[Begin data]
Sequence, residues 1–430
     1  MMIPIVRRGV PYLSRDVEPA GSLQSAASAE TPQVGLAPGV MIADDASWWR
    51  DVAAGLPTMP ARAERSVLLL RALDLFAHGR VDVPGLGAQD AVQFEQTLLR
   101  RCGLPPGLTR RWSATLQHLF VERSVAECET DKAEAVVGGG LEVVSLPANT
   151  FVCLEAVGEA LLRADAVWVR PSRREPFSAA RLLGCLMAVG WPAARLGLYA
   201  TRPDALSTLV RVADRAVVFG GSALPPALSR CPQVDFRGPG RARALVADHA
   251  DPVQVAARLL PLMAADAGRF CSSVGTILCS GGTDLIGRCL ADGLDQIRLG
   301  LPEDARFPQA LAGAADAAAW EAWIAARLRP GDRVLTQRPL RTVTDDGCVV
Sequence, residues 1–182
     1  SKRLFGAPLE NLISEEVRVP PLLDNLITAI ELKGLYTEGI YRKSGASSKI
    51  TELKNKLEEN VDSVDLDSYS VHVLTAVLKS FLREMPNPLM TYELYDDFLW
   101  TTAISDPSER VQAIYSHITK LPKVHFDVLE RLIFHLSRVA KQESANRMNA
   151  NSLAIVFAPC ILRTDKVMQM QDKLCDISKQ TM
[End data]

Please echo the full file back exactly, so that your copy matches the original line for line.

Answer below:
Sequence, residues 1–430
     1  MMIPIVRRGV PYLSRDVEPA GSLQSAASAE TPQVGLAPGV MIADDASWWR
    51  DVAAGLPTMP ARAERSVLLL RALDLFAHGR VDVPGLGAQD AVQFEQTLLR
   101  RCGLPPGLTR RWSATLQHLF VERSVAECET DKAEAVVGGG LEVVSLPANT
   151  FVCLEAVGEA LLRADAVWVR PSRREPFSAA RLLGCLMAVG WPAARLGLYA
   201  TRPDALSTLV RVADRAVVFG GSALPPALSR CPQVDFRGPG RARALVADHA
   251  DPVQVAARLL PLMAADAGRF CSSVGTILCS GGTDLIGRCL ADGLDQIRLG
   301  LPEDARFPQA LAGAADAAAW EAWIAARLRP GDRVLTQRPL RTVTDDGCVV
Sequence, residues 1–182
     1  SKRLFGAPLE NLISEEVRVP PLLDNLITAI ELKGLYTEGI YRKSGASSKI
    51  TELKNKLEEN VDSVDLDSYS VHVLTAVLKS FLREMPNPLM TYELYDDFLW
   101  TTAISDPSER VQAIYSHITK LPKVHFDVLE RLIFHLSRVA KQESANRMNA
   151  NSLAIVFAPC ILRTDKVMQM QDKLCDISKQ TM